GE’s crowdsourcing campaign, known as Ecomagination, is a series of challenges designed to reach out to leading businesses, entrepreneurs, inventors, and students for innovative solutions to energy issues. The Challenge from 2011, entitled “Powering Your Home,” focused on innovative ideas for managing and using energy in the home setting. GE and its partners invested $200 million into promising start-ups and ideas from across the globe. The entrants that are selected by the Challenge’s judges are each rewarded with $100,000 in cash and with the possibility of an equity investment by GE or others, a cooperative agreement to develop a product or technology, and/or a review of their product or service for possible entry into the Ecomagination program. GE has been rewarded itself through the program. As of 2011, GE reported a total of $105 billion in revenue and 142 new products and services from the Ecomagination program since its start in 2005 and an additional $25 billion in revenue from the program in 2012 alone. GE, however, is not the only one benefiting from Ecomagination. In 2012, GE also reported giving $219 million to the community and educational organizations. GE has combined both extrinsic and intrinsic rewards to fuel its successful crowdsourcing campaign.
Although the examples given are related to bigger corporations, crowdsourcing can be a valuable tool for a small business as well. It is crucial for your business to be active and engaging online via your own website and social media to reach larger crowds. Social networks such as Facebook and Twitter, as well as company blogs, are some of the best ways to directly interact with your consumer following.
Once you have established relationships, crowdsourcing can allow you to get an idea of what the market thinks of your products or services, as well as include the target market in the process of creating new ones. Crowdsourcing can be especially effective for coming up with truly innovative ideas. The need for innovation to drive business growth and development is not just for the big guys; your business needs it too. Crowdsourcing could potentially land your business an idea for a new product or service, a new design for your website, or a totally new way of conducting your business. The possibilities are endless.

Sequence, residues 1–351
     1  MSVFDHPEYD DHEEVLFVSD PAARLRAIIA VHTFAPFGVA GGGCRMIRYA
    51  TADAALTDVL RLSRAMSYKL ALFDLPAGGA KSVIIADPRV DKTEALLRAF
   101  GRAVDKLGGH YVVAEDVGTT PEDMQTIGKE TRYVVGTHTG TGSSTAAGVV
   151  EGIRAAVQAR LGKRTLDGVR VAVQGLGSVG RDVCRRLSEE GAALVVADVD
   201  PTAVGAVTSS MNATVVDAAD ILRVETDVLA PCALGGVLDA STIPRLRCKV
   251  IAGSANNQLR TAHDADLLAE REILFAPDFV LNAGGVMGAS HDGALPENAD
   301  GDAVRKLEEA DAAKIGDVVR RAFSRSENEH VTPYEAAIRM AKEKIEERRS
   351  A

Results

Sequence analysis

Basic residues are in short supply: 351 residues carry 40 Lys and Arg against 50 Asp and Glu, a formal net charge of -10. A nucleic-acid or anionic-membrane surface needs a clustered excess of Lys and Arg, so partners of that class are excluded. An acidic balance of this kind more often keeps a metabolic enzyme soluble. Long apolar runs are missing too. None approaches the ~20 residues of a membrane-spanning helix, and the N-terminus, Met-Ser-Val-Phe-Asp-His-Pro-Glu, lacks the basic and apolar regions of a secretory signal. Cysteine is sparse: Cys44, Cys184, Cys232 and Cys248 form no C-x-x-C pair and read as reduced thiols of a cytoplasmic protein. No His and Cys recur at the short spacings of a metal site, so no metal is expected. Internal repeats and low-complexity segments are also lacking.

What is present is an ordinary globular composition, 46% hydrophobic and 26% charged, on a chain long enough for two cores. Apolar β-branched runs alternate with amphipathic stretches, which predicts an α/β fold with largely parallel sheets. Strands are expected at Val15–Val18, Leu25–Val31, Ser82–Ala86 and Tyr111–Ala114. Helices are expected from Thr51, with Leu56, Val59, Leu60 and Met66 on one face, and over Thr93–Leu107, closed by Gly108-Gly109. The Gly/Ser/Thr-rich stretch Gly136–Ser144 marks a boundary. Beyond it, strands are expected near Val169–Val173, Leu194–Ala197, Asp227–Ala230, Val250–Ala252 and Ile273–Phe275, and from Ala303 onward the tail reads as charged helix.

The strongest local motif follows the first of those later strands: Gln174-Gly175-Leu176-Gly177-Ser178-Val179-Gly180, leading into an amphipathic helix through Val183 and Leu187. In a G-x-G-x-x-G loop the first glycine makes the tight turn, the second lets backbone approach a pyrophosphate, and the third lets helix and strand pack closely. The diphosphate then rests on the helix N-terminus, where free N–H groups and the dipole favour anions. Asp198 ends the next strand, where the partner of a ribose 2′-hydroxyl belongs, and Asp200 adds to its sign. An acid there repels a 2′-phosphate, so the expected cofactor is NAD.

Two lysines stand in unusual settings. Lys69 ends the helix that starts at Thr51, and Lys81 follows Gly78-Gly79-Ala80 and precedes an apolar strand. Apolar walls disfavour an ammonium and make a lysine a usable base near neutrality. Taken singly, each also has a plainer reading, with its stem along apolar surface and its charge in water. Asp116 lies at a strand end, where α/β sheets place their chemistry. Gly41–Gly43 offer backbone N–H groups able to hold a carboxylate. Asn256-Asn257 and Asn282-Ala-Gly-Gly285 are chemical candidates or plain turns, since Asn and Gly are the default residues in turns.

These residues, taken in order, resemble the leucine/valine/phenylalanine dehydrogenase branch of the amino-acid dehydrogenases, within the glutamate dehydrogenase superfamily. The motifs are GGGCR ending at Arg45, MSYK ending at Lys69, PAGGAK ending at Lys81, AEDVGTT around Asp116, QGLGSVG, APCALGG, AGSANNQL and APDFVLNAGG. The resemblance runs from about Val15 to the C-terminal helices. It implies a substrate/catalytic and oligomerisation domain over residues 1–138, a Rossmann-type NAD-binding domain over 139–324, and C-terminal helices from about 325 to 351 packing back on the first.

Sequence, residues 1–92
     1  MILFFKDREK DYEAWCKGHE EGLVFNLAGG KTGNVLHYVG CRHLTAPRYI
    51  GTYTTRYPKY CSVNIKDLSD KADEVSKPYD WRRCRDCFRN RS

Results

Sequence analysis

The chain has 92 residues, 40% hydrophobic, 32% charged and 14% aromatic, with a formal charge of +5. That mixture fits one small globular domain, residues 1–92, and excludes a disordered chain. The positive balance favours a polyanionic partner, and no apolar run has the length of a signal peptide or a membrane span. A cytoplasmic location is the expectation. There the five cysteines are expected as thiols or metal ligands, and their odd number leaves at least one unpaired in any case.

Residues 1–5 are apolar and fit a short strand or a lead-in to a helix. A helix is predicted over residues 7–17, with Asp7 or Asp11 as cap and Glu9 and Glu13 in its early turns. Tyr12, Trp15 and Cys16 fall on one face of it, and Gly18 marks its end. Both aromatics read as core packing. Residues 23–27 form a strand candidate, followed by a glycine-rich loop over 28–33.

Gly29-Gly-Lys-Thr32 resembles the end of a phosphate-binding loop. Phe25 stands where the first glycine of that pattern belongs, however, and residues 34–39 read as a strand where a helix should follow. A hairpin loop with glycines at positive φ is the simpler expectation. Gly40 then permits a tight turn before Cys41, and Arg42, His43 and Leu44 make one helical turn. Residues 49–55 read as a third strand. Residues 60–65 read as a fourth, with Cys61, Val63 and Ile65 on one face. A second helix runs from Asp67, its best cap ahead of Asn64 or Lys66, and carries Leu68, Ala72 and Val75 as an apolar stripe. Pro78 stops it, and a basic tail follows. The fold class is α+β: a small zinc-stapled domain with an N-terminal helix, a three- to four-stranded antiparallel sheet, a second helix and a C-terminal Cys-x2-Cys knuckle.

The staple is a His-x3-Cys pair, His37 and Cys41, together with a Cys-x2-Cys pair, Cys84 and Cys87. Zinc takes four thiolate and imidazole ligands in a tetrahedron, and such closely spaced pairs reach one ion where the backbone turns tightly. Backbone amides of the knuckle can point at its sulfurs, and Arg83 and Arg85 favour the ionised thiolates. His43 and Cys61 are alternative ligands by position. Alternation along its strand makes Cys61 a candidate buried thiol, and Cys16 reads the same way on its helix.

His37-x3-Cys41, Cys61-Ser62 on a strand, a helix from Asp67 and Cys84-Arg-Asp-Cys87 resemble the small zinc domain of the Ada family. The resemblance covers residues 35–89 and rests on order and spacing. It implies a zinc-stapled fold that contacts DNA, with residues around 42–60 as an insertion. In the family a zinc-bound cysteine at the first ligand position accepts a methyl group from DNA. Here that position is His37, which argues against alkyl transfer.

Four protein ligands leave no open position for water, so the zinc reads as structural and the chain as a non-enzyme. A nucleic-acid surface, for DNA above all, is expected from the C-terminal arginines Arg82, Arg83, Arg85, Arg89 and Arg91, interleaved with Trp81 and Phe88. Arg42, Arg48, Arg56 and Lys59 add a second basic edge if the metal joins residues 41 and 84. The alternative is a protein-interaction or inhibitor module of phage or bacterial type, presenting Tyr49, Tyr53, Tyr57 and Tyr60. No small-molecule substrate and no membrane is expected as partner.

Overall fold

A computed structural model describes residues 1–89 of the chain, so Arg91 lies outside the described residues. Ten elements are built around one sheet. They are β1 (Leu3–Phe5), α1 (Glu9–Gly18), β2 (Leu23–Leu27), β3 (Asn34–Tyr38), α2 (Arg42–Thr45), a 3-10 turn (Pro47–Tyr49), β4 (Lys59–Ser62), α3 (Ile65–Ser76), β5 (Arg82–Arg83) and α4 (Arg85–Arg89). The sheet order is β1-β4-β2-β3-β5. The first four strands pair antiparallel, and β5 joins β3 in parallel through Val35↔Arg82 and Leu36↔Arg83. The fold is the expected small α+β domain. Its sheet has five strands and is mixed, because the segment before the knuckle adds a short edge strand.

The final thing to consider before launching any crowdsourcing campaign is whether the goals you have set for the campaign are appropriate. Netflix is the most notable company to fail to do this. In 2009, the company offered up the Netflix $1 Million Prize. Anyone who could improve Netflix’s recommendation engine algorithm by at least 10% would be awarded the prize. And it was done. But an April 2012 article on Forbes revealed that the company never implemented the solution because the “additional accuracy gains that we measured did not seem to justify the engineering effort needed to bring them into a production environment.” Netflix had failed to set appropriate goals for the campaign. This also proved that setting the right goals is not solely dependent on your company’s financial situation, but also on its overall structural capabilities.
All in all, if you establish a strong relationship with consumers online and properly align campaign goals with realistic company capabilities, crowdsourcing can be an extremely beneficial tool in the growth and development of your own small business.